Pollinators and CCC

Bees on a Purple Coneflower

CCC recognizes the important role that pollinators play in our lives. Since 2017, CCC has increased the number of native plants across its campuses and centers through the installation of pollinator gardens and native grass plantings.

The plants chosen are native to Nebraska, making them hardy, low-maintenance, able to endure cold and windy winters as well as hot and humid summers. Plants were chosen to bloom throughout three seasons to attract pollinator insects.

Bee Campus USA

Bee Campus USA logoOn May 11, 2017, Central Community College's Grand Island Campus was named a Bee Campus USA. Our campus became the 29th school in the U.S. to be given this designation. Later, the college as a whole became designated as a Bee Campus and is currently the only one in the state of Nebraska.

The Bee Campus USA program endorses a set of commitments, defined in an application, for creating sustainable habitats for pollinators, which are vital to feeding the planet. 1 in every 3 bites of food we eat is courtesy of insect pollination. Equally important, 90% of all wild plants and trees rely on pollinators for the survival of their species. Pollinators are facing global declines due to loss of habitat essential for food and shelter, diseases and parasites, and inappropriate pesticide use. Bee Campuses work to protect pollinators by raising awareness, enhancing pollinator habitats, and celebrating achievements.

Columbus Campus

Columbus Pollinator GardenThanks to a grant from the Nebraska Statewide Arboretum, the Columbus Campus added a pollinator garden in August 2017. It is located south of the Facilities Management Office near the orchard trees. The garden is approximately 7,200 square feet and has about 1,460 flowers, grasses and shrubs.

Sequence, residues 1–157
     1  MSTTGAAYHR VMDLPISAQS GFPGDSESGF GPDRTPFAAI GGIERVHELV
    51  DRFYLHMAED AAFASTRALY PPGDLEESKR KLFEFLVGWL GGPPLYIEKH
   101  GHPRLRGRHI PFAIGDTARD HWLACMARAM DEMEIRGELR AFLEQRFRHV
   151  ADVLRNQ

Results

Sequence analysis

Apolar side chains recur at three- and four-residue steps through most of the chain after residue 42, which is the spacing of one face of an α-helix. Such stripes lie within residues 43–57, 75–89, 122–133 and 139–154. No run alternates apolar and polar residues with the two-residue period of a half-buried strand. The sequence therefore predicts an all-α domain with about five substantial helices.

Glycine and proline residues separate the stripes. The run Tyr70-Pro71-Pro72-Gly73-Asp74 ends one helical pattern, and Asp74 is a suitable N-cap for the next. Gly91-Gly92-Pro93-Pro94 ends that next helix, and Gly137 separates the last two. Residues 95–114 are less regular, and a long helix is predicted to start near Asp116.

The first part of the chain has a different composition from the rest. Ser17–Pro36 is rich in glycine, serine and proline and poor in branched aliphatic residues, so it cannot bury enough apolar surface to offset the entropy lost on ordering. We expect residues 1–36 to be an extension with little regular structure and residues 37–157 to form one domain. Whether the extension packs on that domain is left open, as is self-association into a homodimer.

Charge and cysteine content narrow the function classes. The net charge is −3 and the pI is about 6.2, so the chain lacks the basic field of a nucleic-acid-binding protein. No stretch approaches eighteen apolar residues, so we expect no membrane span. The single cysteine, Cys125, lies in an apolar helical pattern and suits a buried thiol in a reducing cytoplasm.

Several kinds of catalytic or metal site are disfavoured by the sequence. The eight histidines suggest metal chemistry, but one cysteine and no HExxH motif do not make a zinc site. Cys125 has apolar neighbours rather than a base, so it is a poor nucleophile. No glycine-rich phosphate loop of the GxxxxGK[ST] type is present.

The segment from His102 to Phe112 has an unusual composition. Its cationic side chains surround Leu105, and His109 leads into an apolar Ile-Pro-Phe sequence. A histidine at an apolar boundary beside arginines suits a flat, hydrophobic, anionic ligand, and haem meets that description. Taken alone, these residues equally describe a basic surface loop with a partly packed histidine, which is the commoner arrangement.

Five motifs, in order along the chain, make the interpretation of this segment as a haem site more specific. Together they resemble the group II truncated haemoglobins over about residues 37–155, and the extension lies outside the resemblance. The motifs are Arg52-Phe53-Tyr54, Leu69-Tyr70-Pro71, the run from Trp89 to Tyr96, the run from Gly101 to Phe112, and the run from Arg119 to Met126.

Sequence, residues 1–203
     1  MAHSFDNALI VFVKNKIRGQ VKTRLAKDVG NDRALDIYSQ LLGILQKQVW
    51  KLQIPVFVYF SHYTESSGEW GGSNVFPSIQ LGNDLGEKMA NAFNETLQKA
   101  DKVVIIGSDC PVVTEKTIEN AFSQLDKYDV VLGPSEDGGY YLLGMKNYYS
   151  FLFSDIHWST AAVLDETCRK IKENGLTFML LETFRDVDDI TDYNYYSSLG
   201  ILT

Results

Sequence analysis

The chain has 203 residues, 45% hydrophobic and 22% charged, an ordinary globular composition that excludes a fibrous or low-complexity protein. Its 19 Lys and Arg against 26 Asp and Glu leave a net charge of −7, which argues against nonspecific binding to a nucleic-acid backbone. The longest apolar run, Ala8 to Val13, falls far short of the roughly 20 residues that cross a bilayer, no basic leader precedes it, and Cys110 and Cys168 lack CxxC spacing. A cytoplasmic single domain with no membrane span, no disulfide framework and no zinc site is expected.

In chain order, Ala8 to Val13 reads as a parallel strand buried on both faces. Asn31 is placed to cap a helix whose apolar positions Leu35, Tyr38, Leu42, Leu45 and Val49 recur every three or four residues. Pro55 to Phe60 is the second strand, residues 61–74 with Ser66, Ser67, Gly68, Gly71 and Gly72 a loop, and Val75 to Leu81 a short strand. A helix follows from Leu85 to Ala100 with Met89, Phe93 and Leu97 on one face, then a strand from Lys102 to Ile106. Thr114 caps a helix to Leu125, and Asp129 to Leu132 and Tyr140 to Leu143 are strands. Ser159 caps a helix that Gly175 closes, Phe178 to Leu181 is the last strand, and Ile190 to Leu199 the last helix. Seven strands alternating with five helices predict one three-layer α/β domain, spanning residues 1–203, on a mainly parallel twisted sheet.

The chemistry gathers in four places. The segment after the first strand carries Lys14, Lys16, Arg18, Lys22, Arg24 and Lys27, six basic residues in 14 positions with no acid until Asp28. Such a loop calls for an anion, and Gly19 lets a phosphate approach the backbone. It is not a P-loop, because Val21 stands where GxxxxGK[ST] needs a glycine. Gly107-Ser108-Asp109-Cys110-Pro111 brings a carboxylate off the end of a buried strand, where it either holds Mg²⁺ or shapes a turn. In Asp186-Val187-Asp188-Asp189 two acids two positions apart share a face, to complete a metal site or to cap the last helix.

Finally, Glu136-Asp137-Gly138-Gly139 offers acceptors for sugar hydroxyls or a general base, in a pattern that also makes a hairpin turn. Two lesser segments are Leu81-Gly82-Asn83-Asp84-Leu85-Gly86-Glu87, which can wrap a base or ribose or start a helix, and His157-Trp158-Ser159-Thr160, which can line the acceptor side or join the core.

Grand Island Campus

Grand Island Pollinator GardenSince Fall 2014, CCC's Extended Learning Services has offered a beekeeping course on the Grand Island campus. The twelve-month long Beginning Beekeeping course meets once a month and introduces students to the honeybee and its environment.

In 2015, beehives were added to the Grand Island campus. These hives enhance the hands-on experience of the beekeeping course and are the base of a pollinator garden and additional programming being established on campus.

In Fall 2017, phase one of a pollinator garden was completed on the Grand Island campus which was funded through a grant from the Nebraska Statewide Arboretum. The garden contains 25 different types of native plants and can be found on the east side of the Center for Industry and Technology building. The garden was designed with the wide variety of groups and events in mind to learn about pollinator habitats, the benefits of pollinators, water-wise practices and sustainable management.

Hastings Campus

Hastings Pollinator GardenIn Spring 2017, two beehives were added to the Hastings campus to further enhance the educational experience with pollinators. One hive is located near the Pawnee corn garden and is managed by the Hastings campus culinary instructor. The second hive is located near the service road and is managed by the Hastings campus agribusiness instructor.

The Hastings HMRM program received a CCC mini-grant for a pollinator garden and planted it in summer 2017. The garden is by the east side of the Dawson Building. It is near the HMRM vegetable garden, which will in turn benefit from the pollinators.


Pollinator Festival - September 24-26, 2020

Pollinator Festival LogoPollinator Fest 2020


Pollinator Photos

There are no items to display.


Benjamin Newton
Environmental Sustainability Director